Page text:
Top Bloggers Spend Less Time Blogging
I’ve noticed a gradual change in what we know as blogs when Scoble and Shel wrote the book on Naked Conversations. Both of them are now focused on micromedia: Shel has an upcoming book on Twitterville, and Scoble spends more time promoting Friendfeed than his own blog. Secondly, I just learned that Edelman’s top blogger Steve Rubel has retired his traditional blog, and it’s now a life stream, which aggregates content from any source. Of course, I don’t need to mention that many of the top 100 blogs all look like mainstream media, with a team of writers, photographers, and editors.
It seems as if blogging is becoming old hat, or at least evolving into something smaller, faster, and more portable. I’m with Louis Gray, (who has finally blogged his stance –great graphics) I’m not going to give up my blog, instead, I think of it as the hub of content, and the rest of the information I aggregate (notice the Twitter bar up top and the Friendfeed integration below). To me, joining the conversation is certainly important, but it doesn’t mean the hub (or corporate website) goes away.
More Lifestreams Mean More Noise
As more and more people create content on microchannels, we experience more ambient intimacy, but also a lot more data. For example, Scoble pointed out on our panel last night with Mark Silva and Kevin Marks that the iPhone has resulted in 400% increase in uploads to YouTube. I assure you, we have no time to consume all the content created just from our immediate friends and family –the hours in the day stay fixed.
Steve Rubel’s switch to using Posterous (the tool that fuels his lifestreaming) makes sense for him. Why? he’s slowed down on blogging and increased his activity in Twitter and Friendfeed. But what’s going to work for him may be a detriment for others, this increased volume of smaller content the need for analysis and journalism matters even more. When you look at Steve’s new stream, it’s actually heavily on target with the same content as he’s had on his blog, it’s just published faster and quicker.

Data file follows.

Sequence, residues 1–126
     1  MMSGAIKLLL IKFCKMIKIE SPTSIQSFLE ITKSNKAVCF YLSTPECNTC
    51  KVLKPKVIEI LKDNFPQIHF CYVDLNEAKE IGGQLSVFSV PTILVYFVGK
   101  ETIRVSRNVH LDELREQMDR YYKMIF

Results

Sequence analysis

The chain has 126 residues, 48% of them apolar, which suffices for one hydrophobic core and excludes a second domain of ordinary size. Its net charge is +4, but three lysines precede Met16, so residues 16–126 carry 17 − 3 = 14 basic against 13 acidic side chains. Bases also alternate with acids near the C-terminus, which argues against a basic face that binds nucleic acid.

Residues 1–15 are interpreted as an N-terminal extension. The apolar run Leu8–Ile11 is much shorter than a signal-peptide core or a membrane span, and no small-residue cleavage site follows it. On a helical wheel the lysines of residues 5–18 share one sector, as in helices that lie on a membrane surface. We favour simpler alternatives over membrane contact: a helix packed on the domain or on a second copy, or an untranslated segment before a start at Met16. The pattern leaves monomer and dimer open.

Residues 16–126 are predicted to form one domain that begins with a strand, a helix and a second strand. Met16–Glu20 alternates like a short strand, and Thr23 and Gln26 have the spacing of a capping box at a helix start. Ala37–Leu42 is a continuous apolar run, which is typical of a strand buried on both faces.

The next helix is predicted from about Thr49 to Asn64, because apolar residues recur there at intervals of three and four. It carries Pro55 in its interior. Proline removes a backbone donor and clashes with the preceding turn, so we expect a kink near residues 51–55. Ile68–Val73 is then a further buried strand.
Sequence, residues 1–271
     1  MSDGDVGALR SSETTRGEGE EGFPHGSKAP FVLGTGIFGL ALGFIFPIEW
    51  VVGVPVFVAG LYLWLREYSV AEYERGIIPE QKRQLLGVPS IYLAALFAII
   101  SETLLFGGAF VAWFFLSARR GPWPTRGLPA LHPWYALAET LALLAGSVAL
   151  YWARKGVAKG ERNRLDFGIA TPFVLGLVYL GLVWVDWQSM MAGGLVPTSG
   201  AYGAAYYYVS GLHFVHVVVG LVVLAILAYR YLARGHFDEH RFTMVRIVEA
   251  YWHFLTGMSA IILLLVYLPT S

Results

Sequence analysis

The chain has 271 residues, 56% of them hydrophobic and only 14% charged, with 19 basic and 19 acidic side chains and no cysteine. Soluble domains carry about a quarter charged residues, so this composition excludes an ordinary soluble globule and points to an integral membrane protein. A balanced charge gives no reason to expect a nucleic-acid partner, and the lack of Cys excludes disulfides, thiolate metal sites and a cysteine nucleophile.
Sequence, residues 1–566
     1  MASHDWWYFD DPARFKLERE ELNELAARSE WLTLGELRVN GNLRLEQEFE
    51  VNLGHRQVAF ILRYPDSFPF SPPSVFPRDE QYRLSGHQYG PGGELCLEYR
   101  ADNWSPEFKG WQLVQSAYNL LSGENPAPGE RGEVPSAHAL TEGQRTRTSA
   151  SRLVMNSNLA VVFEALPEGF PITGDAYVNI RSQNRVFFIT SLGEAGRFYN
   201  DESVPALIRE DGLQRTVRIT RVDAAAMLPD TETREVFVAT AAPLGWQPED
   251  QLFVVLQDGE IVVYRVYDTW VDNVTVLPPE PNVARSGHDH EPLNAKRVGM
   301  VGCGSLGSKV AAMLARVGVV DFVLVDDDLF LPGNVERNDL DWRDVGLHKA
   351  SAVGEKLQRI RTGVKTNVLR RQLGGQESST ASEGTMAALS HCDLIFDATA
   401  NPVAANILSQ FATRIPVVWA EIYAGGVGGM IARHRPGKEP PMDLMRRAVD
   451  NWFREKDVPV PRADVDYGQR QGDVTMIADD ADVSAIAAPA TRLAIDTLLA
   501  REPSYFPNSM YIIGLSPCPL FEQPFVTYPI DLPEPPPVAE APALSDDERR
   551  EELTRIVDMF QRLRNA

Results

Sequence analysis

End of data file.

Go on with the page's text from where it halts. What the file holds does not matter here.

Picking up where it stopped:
Opportunity For Those That Can Distill Noise to Signal
Yes, you should certainly socially pollinate your corporate or blog content to other communities, using tools like sharethis, however these should also be hooks for people to find your content. For me, I’m going to respect the needs of my community, and keep on blogging to distill what I think is important.
- The trend for people to create more content is afoot, as a result aggregation tools like lifestreams, activity streams, and newsfeeds (and a new form of a social/email inbox) will take center stage.
- You should certainly join the conversations where they exist, but this doesn’t mean your base of quality content should erode, there are long term branding and search benefits.
- As a result, we’ll start to see new tools emerge that help to find the signal –not noise. Those who can filter out what’s important will matter more:, by using a: blog, delicious, or tweets to let your community know what’s important.
- Expect the same heavy pieces on this blog, but feel free to spiral with me on Twitter and Friendfeed and whatever tool comes next. I’m going to leave the choice to you. I want to keep the signal high for my business minded community. Needles –not hay.
Update: I gave Scoble crap last night in person over beers for not keeping his blog up. He takes my challenge and rebuts me in Friendfeed. This proves my point he’s losing his thought leadership, his voice is lost in the noise –what do you think? Update (A few days later): Scoble has come to his senses, and is putting focus on his blog now.
Steve has responded from his blog –in paragraph form, so really, he’s actually still blogging, although aggregating other interesting info in his “journal notepad”, I prefer his method over Scoble’s –he’s also retaining his brand from his own domain/URL –although he made his readers re-subscribe to RSS.
To be clear, I admire and respect both of these guys for leading the next movement.